Bahai News - Baha'is gather to celebrate birth of prophet, founder
Baha'is gather to celebrate birth of prophet, founder
November 10, 2000
BY CATHLEEN FALSANI RELIGION REPORTER
Hundreds of followers of the Baha'i religion from across the region are
expected to gather in their grand house of worship in Wilmette Saturday
evening to mark the Birth of Baha'u'llah, one of the most important
celebrations on their religious calendar.
Baha'u'llah, the founder of Baha'i, was born in Persia (now Iran) 183
years ago Sunday.
Saturday's services will be a mix of reflection and celebration with
prayers, Scripture readings and song, much like Christmas Eve vigils in
the Christian tradition.
Baha'i is a monotheistic religion that worships Allah. Baha'u'llah, who
is not worshipped, is its prophet, but the religion teaches that eternal
truths have been revealed through many prophets, including Jesus Christ,
explained Lorelei McClure, spokeswoman for the National Spiritual Assembly
of the Baha'is of the United States in Evanston.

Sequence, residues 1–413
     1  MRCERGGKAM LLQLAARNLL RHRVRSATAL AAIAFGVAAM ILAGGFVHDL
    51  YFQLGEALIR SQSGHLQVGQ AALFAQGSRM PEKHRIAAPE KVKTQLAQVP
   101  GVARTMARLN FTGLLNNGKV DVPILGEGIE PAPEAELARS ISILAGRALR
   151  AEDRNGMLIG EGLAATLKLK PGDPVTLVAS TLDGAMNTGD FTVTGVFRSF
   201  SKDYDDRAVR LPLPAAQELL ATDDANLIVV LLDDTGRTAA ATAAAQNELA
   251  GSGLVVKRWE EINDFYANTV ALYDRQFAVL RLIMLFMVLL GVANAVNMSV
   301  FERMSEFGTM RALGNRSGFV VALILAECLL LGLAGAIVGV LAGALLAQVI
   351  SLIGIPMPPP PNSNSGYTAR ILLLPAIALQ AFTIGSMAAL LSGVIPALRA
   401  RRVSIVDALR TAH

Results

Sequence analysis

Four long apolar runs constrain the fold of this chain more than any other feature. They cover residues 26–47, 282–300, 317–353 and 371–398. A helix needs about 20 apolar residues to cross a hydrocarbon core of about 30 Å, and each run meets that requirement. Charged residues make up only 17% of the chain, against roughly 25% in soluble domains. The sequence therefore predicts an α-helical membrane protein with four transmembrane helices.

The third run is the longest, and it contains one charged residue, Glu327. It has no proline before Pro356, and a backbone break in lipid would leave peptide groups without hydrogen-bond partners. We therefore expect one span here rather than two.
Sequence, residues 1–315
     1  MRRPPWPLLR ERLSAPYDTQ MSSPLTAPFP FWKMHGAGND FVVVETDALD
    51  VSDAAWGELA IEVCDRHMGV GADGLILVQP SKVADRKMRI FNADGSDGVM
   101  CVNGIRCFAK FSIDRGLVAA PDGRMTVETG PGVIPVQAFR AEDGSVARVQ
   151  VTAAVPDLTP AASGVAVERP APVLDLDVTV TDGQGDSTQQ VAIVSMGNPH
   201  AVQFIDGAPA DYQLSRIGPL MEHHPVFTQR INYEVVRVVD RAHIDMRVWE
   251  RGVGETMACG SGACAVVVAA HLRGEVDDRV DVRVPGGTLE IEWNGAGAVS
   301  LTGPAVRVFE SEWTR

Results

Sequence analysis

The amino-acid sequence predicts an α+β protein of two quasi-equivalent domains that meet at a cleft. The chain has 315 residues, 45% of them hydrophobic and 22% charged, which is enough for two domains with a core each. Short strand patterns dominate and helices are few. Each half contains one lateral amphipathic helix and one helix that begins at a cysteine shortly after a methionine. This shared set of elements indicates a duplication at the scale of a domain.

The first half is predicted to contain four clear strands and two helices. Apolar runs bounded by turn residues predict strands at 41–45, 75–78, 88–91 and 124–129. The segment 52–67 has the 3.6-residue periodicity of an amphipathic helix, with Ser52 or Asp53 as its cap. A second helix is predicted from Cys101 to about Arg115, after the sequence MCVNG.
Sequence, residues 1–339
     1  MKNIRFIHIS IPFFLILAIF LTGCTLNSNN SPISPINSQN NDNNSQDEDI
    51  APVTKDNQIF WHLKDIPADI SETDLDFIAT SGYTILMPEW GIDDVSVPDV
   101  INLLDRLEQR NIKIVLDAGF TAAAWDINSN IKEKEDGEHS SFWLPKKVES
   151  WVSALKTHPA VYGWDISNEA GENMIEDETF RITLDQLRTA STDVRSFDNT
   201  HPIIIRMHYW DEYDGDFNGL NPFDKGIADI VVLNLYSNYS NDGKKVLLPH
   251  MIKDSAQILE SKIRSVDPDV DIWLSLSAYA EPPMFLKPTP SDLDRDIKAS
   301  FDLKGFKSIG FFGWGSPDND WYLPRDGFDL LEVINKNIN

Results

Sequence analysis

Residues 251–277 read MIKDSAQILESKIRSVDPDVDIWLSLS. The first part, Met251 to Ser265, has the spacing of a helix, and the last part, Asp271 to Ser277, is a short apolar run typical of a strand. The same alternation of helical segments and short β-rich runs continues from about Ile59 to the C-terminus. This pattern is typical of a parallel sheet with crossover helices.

"We don't demean, denegrate or deny other religions," McClure said. "We
believe in oneness: one god that we know by these different names."
Passages from the Hebrew Scriptures, the Christian New Testament, the
Muslim Quran and various Baha'i Scriptures will be read at the Birth of
Baha'u'llah, who was born a Muslim, lived much of his life in exile after
straying from traditional Islam to follow the short-lived Babi mystics. He
then started his own faith tradition, Baha'i, which means "followers of
the glory." He died in what is now Israel in 1892.
Baha'i, still considered a heretical religion in the Muslim world, has an
estimated 5 million followers worldwide, with about 150,000 in the United
States, McClure said.
In the Chicago area, Baha'is number about 1,400.
The Baha'i house of worship in Wilmette is a North Shore architectural
touchstone that was built over a span of years from the 1920s to the 1950s.
It is the only one in North America. It was built by followers who were
introduced to Baha'i at the 1893 Parliament of World Religions at
Chicago's Columbian Exposition. The Parliament is credited with
introducing several Eastern religions to the West, including Hinduism.
©Copyright 2000, Chicago Sun-Times
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